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Arterioscler Thromb Vasc Biol. 2008 Jan;28(1):155-9. Epub 2007 Nov 8.

Differential impact of age, sex, and hypertension on aortic atherosclerosis: the Framingham Heart Study.

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  • 1Departments of Medicine (Cardiovascular Division), Beth Israel Deaconess Medical Center, Harvard Medical School, Boston, MA 02215, USA.



The purpose of this study was to investigate the impact of age, sex, and hypertension (HTN) on aortic atherosclerotic burden using cardiovascular MRI (CMR) in a free-living longitudinally followed cohort.


1763 participants (829 M and 934 F; 38 to 88 years of age) of the Framingham Heart Study Offspring cohort underwent CMR of the thoracoabdominal aorta using an ECG-gated 2D T2-weighted black-blood sequence. Of these, 1726 subjects (96%) with interpretable CMR were characterized by sex, age-quartile, and presence or absence of HTN and clinical cardiovascular disease (CVD). Aortic plaque prevalence and volume increased with increasing age in both sexes. For the nonhypertensive (no-HTN) group, plaque was identified in 702 (46%) with greater prevalence in women than in men (P<0.006). HTN was associated with greater aortic plaque burden (P<0.02). The 200 subjects with clinical CVD had greater plaque burden than subjects without CVD (P<0.0001).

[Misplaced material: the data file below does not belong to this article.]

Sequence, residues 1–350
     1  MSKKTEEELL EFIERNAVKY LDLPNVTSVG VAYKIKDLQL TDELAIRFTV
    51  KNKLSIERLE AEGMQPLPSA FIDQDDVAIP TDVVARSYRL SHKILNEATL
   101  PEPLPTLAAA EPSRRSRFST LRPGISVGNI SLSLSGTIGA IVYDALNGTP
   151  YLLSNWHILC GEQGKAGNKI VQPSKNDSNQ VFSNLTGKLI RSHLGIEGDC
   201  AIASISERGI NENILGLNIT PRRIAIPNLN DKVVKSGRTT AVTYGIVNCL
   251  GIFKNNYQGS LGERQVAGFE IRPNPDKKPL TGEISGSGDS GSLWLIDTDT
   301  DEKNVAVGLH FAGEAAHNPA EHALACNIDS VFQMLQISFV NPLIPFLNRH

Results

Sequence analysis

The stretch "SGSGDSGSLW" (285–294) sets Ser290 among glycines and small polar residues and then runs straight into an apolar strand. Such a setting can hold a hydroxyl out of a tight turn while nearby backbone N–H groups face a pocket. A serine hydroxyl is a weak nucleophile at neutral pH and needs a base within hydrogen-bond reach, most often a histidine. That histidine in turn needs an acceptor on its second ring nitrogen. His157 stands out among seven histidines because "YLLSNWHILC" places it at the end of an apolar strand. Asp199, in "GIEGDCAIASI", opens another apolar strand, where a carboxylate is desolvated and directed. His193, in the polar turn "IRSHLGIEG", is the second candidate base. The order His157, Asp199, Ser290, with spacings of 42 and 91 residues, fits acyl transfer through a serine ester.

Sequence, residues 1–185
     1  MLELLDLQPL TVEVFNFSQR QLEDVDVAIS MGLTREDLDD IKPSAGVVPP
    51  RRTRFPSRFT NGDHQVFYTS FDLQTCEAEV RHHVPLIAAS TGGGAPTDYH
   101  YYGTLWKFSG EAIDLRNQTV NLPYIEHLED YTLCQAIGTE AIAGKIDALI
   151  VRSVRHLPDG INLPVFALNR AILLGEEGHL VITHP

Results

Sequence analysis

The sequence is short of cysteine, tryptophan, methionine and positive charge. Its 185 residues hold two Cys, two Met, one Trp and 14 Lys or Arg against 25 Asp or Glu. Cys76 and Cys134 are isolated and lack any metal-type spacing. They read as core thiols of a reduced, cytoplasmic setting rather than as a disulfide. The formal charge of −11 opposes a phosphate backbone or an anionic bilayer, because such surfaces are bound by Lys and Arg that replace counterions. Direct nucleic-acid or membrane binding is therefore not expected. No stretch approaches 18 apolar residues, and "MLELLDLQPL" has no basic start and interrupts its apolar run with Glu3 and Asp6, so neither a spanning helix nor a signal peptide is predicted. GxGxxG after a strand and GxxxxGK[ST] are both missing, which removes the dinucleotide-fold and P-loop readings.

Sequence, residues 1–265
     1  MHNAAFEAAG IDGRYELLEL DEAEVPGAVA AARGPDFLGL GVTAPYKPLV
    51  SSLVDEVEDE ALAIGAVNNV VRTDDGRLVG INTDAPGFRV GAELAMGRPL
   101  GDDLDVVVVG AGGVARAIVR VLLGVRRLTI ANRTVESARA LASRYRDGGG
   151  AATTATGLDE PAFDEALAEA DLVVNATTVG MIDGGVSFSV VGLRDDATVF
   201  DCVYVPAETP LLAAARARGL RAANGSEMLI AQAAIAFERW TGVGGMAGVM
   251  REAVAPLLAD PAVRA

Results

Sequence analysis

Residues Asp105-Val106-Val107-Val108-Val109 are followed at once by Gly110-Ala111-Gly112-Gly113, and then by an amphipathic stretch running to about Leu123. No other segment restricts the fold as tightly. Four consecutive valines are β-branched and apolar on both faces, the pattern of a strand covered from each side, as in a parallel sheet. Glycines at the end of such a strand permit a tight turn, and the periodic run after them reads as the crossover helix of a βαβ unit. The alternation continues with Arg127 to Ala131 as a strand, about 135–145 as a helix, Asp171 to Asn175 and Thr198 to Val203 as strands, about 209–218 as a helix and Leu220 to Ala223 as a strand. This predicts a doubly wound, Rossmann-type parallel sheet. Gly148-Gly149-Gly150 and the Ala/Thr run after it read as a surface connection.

In this free-living longitudinally followed cohort, subclinical aortic atherosclerosis was seen in nearly half of subjects and increased with advancing age. HTN was associated with increased aortic plaque burden. Among no-HTN subjects, women had greater plaque burden than men. These data suggest that subclinical atherosclerosis is more common in no-HTN women and emphasize the importance of focusing on preventive measures in both sexes.

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